As a general rule, it’s not nice to prank your mother. Moms have a way of exacting subtle revenge, generally in the form of guilt. That’s not to say it might not be worth the effort, especially when the prank is actually wrapped in a nice gesture, like this ever-changing e-paper family photo frame.
The idea the [CNLohr] had was made possible by a new generation of multicolor e-paper displays by Waveshare. The display [Charles] chose was a generous 5.65″ unit with a total of seven colors. A little hacking revealed an eighth color was possible, adding a little more depth to the images. The pictures need a little pre-processing first, of course — dithering to accommodate the limited palette — but look surprisingly good on the display. They have a sort of stylized look, as if they were printed on a textured paper with muted inks.
The prank idea was simple — present [Mrs. Lohr] with a cherished family photo to display, only to find out that it had changed to another photo overnight. The gaslighting attempt required a bit more hacking, including some neat tricks to keep the power consumption very low. It was also a bit of a squeeze to get it into a frame that was slim enough not to arouse suspicion. The video below details some of the challenges involved in this build.
In the end, [Mom] wasn’t tricked, but she still seemed pleased with the final product. These displays seem like they could be a lot of fun — perhaps a version of the very-slow-motion player but for color movies would be doable.
Continue reading “Color E-Ink Display Photo Frame Pranks [Mom]”
STM32 Gets Up Close And Personal With Mandelbrot
The Mandelbrot set is a curious mathematical oddity that, while interesting in its own right, is also a useful tool for benchmarking various types of computers. Its constant computing requirement when zooming in and out on the function, combined with the fact that it can be zoomed indefinitely, means that it takes some quality hardware and software to display it properly. [Thanassis] has made this a pet project of his, running Mandelbrot set visualizations in different ways on many different hardware platforms.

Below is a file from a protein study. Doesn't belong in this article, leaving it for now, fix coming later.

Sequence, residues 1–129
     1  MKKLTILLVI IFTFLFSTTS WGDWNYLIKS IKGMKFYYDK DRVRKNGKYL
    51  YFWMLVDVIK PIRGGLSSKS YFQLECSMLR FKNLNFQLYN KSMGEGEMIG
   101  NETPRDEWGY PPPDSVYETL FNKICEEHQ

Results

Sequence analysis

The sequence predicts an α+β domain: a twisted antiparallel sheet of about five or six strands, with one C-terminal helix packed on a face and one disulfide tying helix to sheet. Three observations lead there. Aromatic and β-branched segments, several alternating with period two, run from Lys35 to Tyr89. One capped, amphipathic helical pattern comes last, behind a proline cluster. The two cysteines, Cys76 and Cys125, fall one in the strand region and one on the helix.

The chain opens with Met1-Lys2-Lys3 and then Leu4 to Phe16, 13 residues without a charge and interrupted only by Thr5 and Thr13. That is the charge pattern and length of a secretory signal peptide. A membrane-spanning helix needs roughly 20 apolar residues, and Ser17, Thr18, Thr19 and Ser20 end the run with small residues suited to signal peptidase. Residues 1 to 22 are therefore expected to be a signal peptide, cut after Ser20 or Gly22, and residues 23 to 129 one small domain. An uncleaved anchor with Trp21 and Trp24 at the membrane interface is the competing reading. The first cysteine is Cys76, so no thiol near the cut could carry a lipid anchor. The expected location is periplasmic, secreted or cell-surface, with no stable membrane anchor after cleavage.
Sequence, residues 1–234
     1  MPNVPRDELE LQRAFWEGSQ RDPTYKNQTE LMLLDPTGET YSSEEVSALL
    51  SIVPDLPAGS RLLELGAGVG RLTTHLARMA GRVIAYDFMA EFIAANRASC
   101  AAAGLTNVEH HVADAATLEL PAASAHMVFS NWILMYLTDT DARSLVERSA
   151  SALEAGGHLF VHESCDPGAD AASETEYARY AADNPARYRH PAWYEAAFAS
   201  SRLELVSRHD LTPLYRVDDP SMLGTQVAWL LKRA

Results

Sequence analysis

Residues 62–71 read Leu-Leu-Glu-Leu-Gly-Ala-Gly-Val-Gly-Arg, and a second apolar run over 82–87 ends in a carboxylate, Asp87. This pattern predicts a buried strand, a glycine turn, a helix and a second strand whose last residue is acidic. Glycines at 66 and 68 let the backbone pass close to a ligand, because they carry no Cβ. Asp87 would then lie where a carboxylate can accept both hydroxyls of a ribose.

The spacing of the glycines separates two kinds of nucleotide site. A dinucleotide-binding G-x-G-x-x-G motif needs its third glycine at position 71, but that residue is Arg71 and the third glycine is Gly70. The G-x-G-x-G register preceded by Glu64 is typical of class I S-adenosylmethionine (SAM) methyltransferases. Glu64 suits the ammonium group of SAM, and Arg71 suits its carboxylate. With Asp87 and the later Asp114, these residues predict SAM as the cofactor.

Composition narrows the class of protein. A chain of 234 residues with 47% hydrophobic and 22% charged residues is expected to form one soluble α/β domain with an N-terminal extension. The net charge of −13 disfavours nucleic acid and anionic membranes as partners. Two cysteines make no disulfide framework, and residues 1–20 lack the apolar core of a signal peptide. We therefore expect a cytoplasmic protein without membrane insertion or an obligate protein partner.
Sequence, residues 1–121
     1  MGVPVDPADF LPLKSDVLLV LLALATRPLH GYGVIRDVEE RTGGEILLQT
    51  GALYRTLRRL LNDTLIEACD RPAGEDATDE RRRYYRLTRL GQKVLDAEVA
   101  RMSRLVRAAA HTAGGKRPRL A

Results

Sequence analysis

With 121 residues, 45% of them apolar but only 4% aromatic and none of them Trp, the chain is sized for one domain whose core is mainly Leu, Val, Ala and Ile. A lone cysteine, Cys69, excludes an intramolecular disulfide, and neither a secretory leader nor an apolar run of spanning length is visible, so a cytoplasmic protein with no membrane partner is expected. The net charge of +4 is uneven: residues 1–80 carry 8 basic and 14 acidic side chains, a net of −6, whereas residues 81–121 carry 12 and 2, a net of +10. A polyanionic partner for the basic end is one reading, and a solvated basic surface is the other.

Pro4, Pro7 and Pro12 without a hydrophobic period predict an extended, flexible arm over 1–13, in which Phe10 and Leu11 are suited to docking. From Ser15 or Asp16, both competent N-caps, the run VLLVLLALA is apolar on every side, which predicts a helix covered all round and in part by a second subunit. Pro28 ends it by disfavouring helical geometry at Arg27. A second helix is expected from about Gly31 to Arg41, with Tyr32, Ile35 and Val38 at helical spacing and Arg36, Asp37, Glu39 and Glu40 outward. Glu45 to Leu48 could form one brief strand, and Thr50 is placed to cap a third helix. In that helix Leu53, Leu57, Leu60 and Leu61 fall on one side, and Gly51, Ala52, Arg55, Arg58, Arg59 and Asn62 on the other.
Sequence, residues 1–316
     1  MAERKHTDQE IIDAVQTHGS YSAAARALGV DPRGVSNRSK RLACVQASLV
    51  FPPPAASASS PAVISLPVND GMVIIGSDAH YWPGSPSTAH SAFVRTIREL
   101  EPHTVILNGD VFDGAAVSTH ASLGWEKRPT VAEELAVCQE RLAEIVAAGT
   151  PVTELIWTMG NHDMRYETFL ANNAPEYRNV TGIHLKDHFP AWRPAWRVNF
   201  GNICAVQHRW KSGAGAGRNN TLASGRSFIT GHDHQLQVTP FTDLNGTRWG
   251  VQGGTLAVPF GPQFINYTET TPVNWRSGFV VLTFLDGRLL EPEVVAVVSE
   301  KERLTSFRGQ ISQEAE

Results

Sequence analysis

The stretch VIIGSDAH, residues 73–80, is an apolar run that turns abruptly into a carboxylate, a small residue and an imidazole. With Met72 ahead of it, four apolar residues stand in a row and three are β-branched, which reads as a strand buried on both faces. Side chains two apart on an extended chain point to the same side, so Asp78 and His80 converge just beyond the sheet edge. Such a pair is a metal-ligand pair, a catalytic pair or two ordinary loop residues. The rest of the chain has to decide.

This particular one is based on an STM32 board called the Blue Pill, which [Thanassis] chose because he hadn’t yet done a continuous Mandelbrot zoom on a microcontroller yet. The display is handled by a tiny 16K IPS color screen, and some clever memory tricks had to come into play in order to get smooth video output since the STM has only 20 kB available. The integer multiplication is also tricky on a platform this small while keeping the continuous zoom function, so it’s limited to fixed point multiplication.
Even with the limitations of the platform, he is still able to achieve nearly double-digit FPS rates with this one. If you want to play around with graphics like this on an STM platform, [Thanassis] has released all of the source code on his GitHub page, but if you’d like to see more Mandelbrot manipulation you can check out one of his older projects where he built a similar project on an FPGA.
Continue reading “STM32 Gets Up Close And Personal With Mandelbrot”